...but she doesn't necessarily like to catch them, you know. She just...
…to the point and then she backs off, and same sort of thing about playing with the laser pointer and things, she just likes to play, I think, but unfortunately, the other cats become incredibly anxious.
Yeah. And actually are they getting stressed?
I think the female cat, Tallulah, is very stressed. (unintelligible)
Okay. Is she hiding? Is she hiding from Harriet?
She does hide.
She has her couple of places that she likes to go to. Petey is -- the guy is just confused that somebody would actually run at him, so he's just constantly interested.
Right. Oh, well, that's good. Okay. That's a more positive response to Harriet. Well, okay. You've done it now. You've brought in a terrorist to upset the cart of your other cats. But it happens all the time.
The little kitty insurgent, I see. Mm-hmm.
Yeah. An insurgent, absolutely. And it's not so covert. We see this all the time, and it's really tough. We have people that will adopt cats and actually, I ran into a few of these recently at the Washington Animal Rescue League, and we have our behavior department work with those people to try to ease that cat into the family, and it can often take two to three months to really get, you know, the Maginot line up and get everybody calmed down.
But sometimes it doesn't work. And now, you've said you've had Harriet for nine months, and I think that means that the prognosis is pretty poor for her to be a different cat, and for your other cats to unfortunately be calm around her. Now, it sounds like your boy is okay, but your girl's gonna need help. So I'm not suggesting that you can't keep Harriet, of course, and hopefully you're in love with her, and you said she's a great cat, but I think what you're gonna need to do is to probably help your little girl, the one that's hiding and is very stressed, to deal with this stress, and the first thing, of course, is absolutely make sure you have a place for her to retreat to.
So some place that Harriet hopefully can't get. That's hard to find because cats are cats and they can get in everywhere, but try to give her a room that you won't let Harriet in, or, you know, somewhere that she can be safe. That's the first thing.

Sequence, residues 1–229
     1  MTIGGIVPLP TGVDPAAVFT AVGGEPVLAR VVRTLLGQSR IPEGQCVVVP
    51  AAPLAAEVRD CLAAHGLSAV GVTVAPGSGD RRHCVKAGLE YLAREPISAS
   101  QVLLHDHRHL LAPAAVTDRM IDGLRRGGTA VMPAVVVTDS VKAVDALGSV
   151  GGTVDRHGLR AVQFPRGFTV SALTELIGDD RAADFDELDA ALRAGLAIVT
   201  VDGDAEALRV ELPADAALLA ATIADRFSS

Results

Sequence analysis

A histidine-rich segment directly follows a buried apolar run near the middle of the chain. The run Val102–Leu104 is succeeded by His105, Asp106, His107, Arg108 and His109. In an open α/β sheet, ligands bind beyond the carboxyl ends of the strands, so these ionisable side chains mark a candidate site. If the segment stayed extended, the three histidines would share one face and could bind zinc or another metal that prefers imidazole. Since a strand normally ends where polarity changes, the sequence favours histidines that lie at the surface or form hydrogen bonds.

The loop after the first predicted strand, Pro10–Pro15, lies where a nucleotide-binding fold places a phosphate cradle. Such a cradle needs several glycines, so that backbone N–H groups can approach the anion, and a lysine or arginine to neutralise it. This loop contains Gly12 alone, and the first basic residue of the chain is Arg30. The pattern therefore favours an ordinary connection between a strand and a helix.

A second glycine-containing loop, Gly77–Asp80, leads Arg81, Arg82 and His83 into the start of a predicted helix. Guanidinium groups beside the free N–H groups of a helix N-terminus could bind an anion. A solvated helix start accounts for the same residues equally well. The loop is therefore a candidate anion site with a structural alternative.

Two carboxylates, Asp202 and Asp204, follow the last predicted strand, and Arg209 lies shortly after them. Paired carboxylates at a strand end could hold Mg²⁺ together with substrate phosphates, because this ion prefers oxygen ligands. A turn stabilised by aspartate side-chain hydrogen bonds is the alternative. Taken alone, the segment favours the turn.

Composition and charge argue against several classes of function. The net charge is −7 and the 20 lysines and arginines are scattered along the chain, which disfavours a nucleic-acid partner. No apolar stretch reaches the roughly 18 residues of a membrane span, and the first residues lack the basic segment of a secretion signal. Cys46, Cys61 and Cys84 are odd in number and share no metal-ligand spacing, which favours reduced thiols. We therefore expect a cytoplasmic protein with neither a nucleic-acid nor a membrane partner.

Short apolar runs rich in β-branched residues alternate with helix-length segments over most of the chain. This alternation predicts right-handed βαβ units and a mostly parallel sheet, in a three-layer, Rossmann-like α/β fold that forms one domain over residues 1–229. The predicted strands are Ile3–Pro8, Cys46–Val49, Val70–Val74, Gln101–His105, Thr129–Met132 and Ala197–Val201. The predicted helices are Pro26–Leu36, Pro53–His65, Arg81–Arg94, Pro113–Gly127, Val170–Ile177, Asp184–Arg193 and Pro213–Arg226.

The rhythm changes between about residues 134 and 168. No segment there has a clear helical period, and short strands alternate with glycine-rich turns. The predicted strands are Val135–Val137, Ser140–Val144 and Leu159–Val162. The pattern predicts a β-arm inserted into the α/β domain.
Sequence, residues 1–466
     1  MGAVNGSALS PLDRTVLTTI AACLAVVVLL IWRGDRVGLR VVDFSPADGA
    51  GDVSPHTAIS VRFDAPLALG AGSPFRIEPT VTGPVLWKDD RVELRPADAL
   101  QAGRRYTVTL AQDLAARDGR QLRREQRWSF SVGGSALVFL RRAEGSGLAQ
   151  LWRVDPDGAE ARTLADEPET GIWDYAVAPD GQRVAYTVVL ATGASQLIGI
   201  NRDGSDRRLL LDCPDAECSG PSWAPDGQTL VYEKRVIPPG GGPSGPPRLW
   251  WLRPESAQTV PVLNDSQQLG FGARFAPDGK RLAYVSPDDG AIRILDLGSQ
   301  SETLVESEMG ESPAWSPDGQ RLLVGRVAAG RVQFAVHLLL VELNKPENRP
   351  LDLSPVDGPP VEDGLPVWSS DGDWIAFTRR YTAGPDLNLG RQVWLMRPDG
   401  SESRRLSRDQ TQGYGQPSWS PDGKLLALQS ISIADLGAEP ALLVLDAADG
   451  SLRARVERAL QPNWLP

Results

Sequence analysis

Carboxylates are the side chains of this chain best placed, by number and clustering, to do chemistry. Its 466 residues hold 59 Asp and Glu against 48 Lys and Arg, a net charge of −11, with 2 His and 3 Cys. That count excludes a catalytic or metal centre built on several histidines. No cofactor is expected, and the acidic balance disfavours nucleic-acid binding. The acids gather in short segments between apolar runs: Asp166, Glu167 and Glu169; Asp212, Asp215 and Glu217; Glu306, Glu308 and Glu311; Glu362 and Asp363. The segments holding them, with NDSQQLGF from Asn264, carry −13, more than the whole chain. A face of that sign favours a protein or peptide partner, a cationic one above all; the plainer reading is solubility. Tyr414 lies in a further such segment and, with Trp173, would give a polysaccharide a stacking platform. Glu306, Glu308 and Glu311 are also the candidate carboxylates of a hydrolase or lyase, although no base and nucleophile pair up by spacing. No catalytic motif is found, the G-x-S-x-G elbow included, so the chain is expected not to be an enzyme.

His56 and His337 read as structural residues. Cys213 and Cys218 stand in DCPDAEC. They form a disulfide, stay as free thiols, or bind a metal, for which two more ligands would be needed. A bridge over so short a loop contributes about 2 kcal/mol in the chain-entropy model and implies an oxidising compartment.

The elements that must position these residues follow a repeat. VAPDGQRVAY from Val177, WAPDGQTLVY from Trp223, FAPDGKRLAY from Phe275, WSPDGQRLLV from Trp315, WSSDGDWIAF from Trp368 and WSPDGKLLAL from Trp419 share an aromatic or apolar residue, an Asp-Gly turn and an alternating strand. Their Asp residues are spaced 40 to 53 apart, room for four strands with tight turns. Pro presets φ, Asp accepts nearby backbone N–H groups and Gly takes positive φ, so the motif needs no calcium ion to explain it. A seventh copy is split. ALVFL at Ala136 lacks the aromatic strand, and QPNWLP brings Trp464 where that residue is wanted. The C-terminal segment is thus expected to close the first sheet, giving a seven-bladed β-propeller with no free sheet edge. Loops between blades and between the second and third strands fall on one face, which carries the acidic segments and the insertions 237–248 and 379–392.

Yes. But she doesn't get into her face, you know, directly to attack, she stays, you know, a foot away, but unfortunately that's too close for Tallulah.
Oh, okay. All right. Well, then the second thing too, of course, if Tallulah gets too really wrought out about this is to get her some help with your veterinarian and get her level of anxiety down a little bit with some Fluoxetine or Prozac or something like that, just for a little while, and then what we hope that happens is that that shifts the dynamic over maybe about six months, so that she's not as terrified by Harriet and she can stand up to her a little bit better, or is just not as affected by her, so she's not as much fun of a toy as she is right now, and then you can wean her off of it.
But I really would say, start with just a safe place for her, and the real sad truth here is, there's no solution. There really isn't. It's tincture of time or nothing, and you're almost at nine months, almost, you know, you're beyond nine months now. I think the only thing that you should do is make sure that you have a safety, you know, retreat for your little girl, and that's about all you can do. But just to make -- continue to make sure that she's safe. But this is gonna be the dynamic, and unfortunately, this is their personality.
They are cats.
They are cats.
Said every cat owner in America at this point.
So and all that sums up to, they are cats.
They are cats, yes.
George, thank you very much. Thank you, Dr. Gary.
You're welcome, Sam. This is Dr. Gary Weitzman with an "Animal House" pet care tip. How do you get your dog to stop barking? A very good question, and one of the most common discussions we have. Hopefully you don't have a situation where your landlord or neighbor is leaving you nasty or desperate messages, but if you do, you need a private trainer or behaviorist to stop by and give you a hand. Simply put, when your dog just bark reactively a few times a day, or sits by the door barking nonstop, and they never get hoarse, believe me, you need to work on this with your canine pal.
Figure out what those triggers are to start. For example, other kids or dogs playing outside. Two, redirect the anxiety or excitement, such as using stuffed Kongs or other treats, and three, do some trial runs for a few weeks, and never forget the number one mantra of a good dog, exercise, lots of it, and enrichment when you can't exercise them. Always be a responsible pet owner, and be sensitive to what others experience from your dog. You never want to be surprised by that. For "The Animal House," I'm Dr. Gary Weitzman.
This edition of "The Animal House" is near completion. First, here's the answer to our Animal of the Day quiz. Earlier, we asked if you knew at least one of three extinct subspecies of tiger. If you said Bali Tiger, Caspian Tiger, or Java Tiger, you are absolutely correct, sadly. Thanks to Jackson Galaxy and Professor Ellen Wohl of Warner College of Natural Resources at Colorado State University for their contributions to day.
We also thank Bob James, Acoustic Alchemy, and Uakti for their music today. Also, special thanks to Dr. Gary Weitzman for his work. Thanks to you for joining us in "The Animal House." I'm Sam Litzinger.